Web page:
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There's more in one soft word of thine
Than in the world's defied rebuke.
Thou stood'st, as stands a lovely tree,"
That still unbroke, though gently bent,
Still waves with fond fidelity

Its boughs above a monument.

The winds might rend-the skies might pour,

But there thou wert-and still wouldst be Devoted in the stormiest hour

To shed thy weeping leaves o'er me. But thou and thine shall know no blight, Whatever fate on me may fall;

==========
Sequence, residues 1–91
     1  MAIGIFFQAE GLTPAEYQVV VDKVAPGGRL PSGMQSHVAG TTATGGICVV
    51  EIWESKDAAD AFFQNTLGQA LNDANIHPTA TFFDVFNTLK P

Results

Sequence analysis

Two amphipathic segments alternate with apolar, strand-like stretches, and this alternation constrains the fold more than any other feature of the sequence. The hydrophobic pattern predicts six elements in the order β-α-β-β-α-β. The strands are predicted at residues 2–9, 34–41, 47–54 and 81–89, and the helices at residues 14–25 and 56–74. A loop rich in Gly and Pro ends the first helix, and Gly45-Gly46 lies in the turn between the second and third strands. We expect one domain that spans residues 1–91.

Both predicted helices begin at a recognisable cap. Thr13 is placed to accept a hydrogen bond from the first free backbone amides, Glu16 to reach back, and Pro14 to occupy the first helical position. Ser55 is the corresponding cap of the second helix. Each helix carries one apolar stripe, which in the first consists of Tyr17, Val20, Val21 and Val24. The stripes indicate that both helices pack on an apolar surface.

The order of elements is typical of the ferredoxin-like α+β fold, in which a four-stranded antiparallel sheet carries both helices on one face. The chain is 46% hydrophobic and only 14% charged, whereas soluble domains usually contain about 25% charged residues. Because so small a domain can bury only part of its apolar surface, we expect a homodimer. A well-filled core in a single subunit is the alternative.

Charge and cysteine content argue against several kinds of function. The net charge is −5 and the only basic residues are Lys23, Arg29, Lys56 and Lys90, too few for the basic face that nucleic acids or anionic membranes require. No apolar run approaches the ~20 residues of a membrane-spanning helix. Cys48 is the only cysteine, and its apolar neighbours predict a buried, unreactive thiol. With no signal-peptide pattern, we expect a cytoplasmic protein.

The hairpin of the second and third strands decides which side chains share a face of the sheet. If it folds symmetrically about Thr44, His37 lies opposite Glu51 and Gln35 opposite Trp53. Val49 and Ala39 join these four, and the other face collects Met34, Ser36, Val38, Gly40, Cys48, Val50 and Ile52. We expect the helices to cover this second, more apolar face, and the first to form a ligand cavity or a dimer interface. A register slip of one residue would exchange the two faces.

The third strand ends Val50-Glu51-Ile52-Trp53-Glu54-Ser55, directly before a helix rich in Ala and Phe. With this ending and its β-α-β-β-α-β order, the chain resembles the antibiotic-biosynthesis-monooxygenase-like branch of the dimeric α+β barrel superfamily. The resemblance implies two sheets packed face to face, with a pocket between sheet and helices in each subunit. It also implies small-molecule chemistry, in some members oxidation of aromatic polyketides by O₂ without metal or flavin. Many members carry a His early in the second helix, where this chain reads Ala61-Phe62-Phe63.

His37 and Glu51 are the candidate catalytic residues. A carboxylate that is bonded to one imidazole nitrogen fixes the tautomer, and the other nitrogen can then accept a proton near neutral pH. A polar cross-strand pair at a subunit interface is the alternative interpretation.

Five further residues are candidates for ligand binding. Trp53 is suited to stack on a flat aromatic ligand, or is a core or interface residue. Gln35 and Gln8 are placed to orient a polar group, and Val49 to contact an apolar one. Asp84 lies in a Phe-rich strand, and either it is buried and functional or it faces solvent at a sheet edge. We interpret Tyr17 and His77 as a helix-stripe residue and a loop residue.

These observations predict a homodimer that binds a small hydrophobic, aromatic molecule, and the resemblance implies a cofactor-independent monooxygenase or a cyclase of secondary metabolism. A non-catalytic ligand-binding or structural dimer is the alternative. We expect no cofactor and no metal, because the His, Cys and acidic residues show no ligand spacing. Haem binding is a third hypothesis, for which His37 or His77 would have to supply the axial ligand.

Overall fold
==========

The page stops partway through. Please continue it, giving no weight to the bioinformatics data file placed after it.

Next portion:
For Heaven in sunshine will requite

The kind-and thee the most of all. Then let the ties of baffled love

Be broken-thine will never break; Thy heart can feel-but will not move;

Thy soul, though soft, will never shake. And these, when all was lost beside,

Were found and still are fixed in thee;And bearing still a breast so tried,

Earth is no desert - ev'n to me.

1. And thou wast as a lovely Tree
Whose branch unbroke but gently bent
Still waved with fond Fidelity.-[Copy C. H.]

[First published, Poems, 1816.]

END OF VOL. III.

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PRINTED BY WILLIAM CLOWES AND SONS, LIMITED,
LONDON AND BECCLES.

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